Web Resource Identity

Paul Prescod paul at prescod.net
Fri May 28 17:37:18 BST 1999

There is a new document on the W3C site which is both encouraging and

"""In characterizing the structure and content of the Web, it is necessary
to establish precise semantics for Web concepts. The Web has proceeded for
a surprisingly long time without consistent definitions for concepts which
have become part of the common vernacular, such as "Web site" or "Web

"""This document represents an effort on the part of the W3C Web
Characterization Activity to establish a shared understanding of key Web


It is encouraging because it is long needed. It is disturbing because I
believe it identifies a key problem with the Web (or with my understanding
of the Web). 

This document refers to the URI specification in its definition of
"resource": "...anything that has identity." This is troubling because
there is no definition of identity. In the HyTime and object oriented
worlds, I believe that the defining characteristic of things with identity
is that you can take two references and determine if they refer to the
same object.

I do not see how to do this on the Web. Consider the following URLs:


Do they refer to the same resource? Let's try the answer both ways:


How do we know, other than common sense? What if the URLs were more
radically different -- if the mitre site was also accessible as miter
because French and English authors always swap their r's and e's? I would
love to hear that there is some such thing as a "canonical URL" that I can
retrieve through HTTP or WebDAV. If there is, it should be referred to in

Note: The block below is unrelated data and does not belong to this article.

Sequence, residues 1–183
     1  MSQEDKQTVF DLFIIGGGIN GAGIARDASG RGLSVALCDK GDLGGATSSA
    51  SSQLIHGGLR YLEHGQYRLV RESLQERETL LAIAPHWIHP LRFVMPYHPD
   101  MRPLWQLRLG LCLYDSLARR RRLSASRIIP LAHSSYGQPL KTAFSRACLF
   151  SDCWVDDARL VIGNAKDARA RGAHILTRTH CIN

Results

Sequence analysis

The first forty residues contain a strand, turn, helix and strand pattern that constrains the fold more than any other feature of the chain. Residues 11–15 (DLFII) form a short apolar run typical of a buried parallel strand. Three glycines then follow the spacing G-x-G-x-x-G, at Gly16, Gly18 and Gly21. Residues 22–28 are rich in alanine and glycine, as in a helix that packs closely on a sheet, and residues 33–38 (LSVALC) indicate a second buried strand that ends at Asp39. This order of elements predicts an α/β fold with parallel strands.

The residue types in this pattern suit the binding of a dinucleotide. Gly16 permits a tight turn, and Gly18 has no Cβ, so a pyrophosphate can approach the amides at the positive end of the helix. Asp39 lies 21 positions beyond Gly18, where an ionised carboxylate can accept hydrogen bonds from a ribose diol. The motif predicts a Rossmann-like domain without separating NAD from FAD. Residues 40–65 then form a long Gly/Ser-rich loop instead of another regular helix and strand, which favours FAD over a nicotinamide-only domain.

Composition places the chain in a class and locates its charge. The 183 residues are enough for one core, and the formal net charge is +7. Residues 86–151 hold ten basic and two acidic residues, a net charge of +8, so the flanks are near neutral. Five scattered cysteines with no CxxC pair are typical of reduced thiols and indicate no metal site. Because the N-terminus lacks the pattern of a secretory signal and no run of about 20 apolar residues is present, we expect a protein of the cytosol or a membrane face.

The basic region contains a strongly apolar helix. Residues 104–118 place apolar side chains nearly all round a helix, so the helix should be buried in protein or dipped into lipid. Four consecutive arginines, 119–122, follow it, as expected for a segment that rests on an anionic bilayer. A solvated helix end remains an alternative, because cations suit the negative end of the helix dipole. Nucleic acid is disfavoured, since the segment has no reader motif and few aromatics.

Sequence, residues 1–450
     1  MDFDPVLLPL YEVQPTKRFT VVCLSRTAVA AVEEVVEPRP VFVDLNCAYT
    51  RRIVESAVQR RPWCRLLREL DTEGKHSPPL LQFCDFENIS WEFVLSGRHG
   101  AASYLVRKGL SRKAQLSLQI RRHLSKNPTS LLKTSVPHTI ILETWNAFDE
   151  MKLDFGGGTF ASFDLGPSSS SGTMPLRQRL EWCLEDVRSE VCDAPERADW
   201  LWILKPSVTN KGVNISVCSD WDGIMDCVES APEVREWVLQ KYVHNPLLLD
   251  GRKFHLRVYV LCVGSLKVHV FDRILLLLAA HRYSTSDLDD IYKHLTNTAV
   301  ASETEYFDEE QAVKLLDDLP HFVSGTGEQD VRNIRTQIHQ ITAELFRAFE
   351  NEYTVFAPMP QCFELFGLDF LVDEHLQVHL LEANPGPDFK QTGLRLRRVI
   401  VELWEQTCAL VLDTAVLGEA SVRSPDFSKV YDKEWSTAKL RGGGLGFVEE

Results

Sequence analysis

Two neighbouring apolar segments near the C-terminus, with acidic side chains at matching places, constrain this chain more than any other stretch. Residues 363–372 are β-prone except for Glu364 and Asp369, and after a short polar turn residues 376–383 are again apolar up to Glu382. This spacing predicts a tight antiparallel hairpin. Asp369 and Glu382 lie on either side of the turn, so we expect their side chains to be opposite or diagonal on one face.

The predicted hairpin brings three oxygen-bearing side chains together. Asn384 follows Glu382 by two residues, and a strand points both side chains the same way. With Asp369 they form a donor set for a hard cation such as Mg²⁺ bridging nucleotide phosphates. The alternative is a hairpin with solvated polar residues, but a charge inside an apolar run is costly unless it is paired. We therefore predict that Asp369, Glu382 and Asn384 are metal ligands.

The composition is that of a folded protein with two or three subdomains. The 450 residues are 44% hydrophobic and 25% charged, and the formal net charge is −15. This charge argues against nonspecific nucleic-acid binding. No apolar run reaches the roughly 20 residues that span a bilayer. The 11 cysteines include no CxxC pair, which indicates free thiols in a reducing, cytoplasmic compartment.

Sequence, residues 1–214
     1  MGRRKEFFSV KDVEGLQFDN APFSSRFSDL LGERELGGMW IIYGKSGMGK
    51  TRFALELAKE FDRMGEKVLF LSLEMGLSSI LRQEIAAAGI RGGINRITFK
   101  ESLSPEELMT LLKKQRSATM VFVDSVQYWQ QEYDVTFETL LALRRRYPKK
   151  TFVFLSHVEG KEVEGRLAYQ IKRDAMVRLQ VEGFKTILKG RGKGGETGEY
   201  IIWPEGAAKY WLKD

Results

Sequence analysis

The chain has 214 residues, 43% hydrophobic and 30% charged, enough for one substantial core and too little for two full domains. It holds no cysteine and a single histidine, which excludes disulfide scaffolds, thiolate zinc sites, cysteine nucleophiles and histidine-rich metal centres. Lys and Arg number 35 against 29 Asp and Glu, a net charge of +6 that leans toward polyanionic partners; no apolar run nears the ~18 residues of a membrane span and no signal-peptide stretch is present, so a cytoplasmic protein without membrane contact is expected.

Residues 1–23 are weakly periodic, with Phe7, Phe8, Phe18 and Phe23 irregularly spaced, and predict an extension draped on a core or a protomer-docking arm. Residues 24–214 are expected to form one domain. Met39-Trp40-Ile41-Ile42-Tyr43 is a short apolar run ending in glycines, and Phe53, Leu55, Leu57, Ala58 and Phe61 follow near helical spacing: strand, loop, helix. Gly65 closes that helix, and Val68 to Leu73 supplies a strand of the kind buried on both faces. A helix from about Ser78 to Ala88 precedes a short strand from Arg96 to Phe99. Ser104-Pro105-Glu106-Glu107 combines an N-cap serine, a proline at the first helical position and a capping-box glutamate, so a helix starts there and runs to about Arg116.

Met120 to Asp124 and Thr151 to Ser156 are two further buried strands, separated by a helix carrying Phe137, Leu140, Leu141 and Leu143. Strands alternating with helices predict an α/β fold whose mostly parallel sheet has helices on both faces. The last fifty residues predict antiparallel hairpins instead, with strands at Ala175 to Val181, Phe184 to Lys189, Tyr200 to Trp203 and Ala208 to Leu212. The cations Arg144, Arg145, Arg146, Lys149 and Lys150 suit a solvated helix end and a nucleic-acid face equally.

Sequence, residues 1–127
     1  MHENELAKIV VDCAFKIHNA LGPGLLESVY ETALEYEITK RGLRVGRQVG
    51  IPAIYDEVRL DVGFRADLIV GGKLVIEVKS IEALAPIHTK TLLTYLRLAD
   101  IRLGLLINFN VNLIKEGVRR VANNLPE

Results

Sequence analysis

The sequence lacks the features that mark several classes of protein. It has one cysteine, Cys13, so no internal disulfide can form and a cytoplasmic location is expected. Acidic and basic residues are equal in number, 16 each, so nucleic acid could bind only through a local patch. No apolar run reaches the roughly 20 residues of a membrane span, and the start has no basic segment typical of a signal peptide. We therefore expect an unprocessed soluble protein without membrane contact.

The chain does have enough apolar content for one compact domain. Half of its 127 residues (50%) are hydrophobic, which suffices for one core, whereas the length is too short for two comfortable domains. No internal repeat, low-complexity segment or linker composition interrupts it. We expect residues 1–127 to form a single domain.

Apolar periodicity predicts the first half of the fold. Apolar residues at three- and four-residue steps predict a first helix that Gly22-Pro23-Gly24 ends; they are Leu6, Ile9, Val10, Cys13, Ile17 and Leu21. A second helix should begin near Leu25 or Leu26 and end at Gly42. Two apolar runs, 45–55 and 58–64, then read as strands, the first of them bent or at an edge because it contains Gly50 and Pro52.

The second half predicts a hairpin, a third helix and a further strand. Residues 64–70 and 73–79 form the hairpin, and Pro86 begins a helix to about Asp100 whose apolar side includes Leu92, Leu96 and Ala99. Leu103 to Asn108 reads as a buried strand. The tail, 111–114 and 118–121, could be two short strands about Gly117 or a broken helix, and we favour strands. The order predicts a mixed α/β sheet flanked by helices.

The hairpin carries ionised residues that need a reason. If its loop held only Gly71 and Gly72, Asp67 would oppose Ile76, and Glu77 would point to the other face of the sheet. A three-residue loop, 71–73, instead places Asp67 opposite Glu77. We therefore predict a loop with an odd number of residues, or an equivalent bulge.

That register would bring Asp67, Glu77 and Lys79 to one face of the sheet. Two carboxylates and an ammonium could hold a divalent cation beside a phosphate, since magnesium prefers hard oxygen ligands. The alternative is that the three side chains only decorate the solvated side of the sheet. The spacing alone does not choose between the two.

Because the Web has a distinction between Web resources and resource
manifestations it is even possible that when you access the same logical
resource from different URLs it could return a different byte sequence
("entity" in HTTP terminology) so that even a byte compare will not reveal
that the URLs refer to the same _logical resource_. 


This is more disturbing. It makes robust, scalable hypertext linking
essentially impossible. Consider it from an RDF point of view. If I use
RDF to attach a hundred properties to one URL and someone else uses it to
attach a hundred properties to another one then our property groupings
cannot be merged. This also affects XLink. If one group of externally
imposed XLinks refers to the site under one name and another group refers
to the site under another, then those groups cannot be merged to create a
single view.

The only solution, if we assume a one to one correspondence between URLs
and objects is to have EVERY NON-CANONICAL name for the object explicitly
do a redirect to the canonical name. This is not common practice on the
Web and as long as URLs are human-typable it is not likely to become
common practice. If you move an object from the bowels of your Website (a
hundred character URL) closer to the "top" (a 20 char. URL ) you aren't
going to use HTTP redirect to redirect people from the nice new name to
the older, canonical name. But if you change the canonical name then
anything current attached to the document through out-of-line links will


I believe that the Web needs a concept of a canonical URL, if it doesn't
already have one. Retrieving a document or the HEAD for the document
should describe the canonical URL. I wouldn't mind if the canonical URL
was a totally unreadable UUID as long as I can take two URLs and figure
out whether they refer to two things that happen to have the same content
or actually refer to the SAME THING.

 Paul Prescod  - ISOGEN Consulting Engineer speaking for only himself

Alabama's constitution is 100 years old, 300 pages long and has more than
600 amendments. Highlights include "Amendment 393: Amendment of Amendment
No.  351", "Validation of Laws Regulating Court Costs in Randolph County",
"Miscegenation laws", "Bingo Games in Russell County", "Suppression
of dueling".  - http://www.legislature.state.al.us/ALISHome.html

xml-dev: A list for W3C XML Developers. To post, mailto:xml-dev at ic.ac.uk
Archived as: http://www.lists.ic.ac.uk/hypermail/xml-dev/ and on CD-ROM/ISBN 981-02-3594-1
To (un)subscribe, mailto:majordomo at ic.ac.uk the following message;
(un)subscribe xml-dev
To subscribe to the digests, mailto:majordomo at ic.ac.uk the following message;
subscribe xml-dev-digest
List coordinator, Henry Rzepa (mailto:rzepa at ic.ac.uk)

More information about the Xml-dev mailing list